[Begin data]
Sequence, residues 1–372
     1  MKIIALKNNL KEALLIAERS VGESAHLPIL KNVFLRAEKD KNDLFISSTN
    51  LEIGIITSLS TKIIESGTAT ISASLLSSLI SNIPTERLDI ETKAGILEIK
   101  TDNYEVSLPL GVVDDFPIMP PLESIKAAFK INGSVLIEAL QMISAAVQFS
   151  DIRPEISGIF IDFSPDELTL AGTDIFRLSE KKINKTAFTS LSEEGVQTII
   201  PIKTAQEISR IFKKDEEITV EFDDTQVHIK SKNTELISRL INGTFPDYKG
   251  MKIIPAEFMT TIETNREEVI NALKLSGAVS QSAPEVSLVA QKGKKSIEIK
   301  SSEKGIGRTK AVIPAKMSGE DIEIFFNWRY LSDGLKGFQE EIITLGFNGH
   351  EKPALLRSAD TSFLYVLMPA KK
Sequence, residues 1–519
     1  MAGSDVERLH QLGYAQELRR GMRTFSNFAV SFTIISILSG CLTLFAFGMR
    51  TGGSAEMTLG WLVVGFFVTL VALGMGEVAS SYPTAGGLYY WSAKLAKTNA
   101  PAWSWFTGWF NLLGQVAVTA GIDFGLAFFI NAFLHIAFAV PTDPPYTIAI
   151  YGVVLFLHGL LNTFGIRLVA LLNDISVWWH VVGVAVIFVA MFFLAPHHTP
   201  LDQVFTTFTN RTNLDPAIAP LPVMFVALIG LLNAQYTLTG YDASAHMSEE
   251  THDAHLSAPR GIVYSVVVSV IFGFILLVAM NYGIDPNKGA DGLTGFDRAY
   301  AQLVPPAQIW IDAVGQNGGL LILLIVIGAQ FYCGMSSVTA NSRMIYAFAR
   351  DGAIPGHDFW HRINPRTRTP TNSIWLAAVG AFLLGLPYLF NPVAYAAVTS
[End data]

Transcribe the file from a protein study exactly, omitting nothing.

Sequence, residues 1–372
     1  MKIIALKNNL KEALLIAERS VGESAHLPIL KNVFLRAEKD KNDLFISSTN
    51  LEIGIITSLS TKIIESGTAT ISASLLSSLI SNIPTERLDI ETKAGILEIK
   101  TDNYEVSLPL GVVDDFPIMP PLESIKAAFK INGSVLIEAL QMISAAVQFS
   151  DIRPEISGIF IDFSPDELTL AGTDIFRLSE KKINKTAFTS LSEEGVQTII
   201  PIKTAQEISR IFKKDEEITV EFDDTQVHIK SKNTELISRL INGTFPDYKG
   251  MKIIPAEFMT TIETNREEVI NALKLSGAVS QSAPEVSLVA QKGKKSIEIK
   301  SSEKGIGRTK AVIPAKMSGE DIEIFFNWRY LSDGLKGFQE EIITLGFNGH
   351  EKPALLRSAD TSFLYVLMPA KK
Sequence, residues 1–519
     1  MAGSDVERLH QLGYAQELRR GMRTFSNFAV SFTIISILSG CLTLFAFGMR
    51  TGGSAEMTLG WLVVGFFVTL VALGMGEVAS SYPTAGGLYY WSAKLAKTNA
   101  PAWSWFTGWF NLLGQVAVTA GIDFGLAFFI NAFLHIAFAV PTDPPYTIAI
   151  YGVVLFLHGL LNTFGIRLVA LLNDISVWWH VVGVAVIFVA MFFLAPHHTP
   201  LDQVFTTFTN RTNLDPAIAP LPVMFVALIG LLNAQYTLTG YDASAHMSEE
   251  THDAHLSAPR GIVYSVVVSV IFGFILLVAM NYGIDPNKGA DGLTGFDRAY
   301  AQLVPPAQIW IDAVGQNGGL LILLIVIGAQ FYCGMSSVTA NSRMIYAFAR
   351  DGAIPGHDFW HRINPRTRTP TNSIWLAAVG AFLLGLPYLF NPVAYAAVTS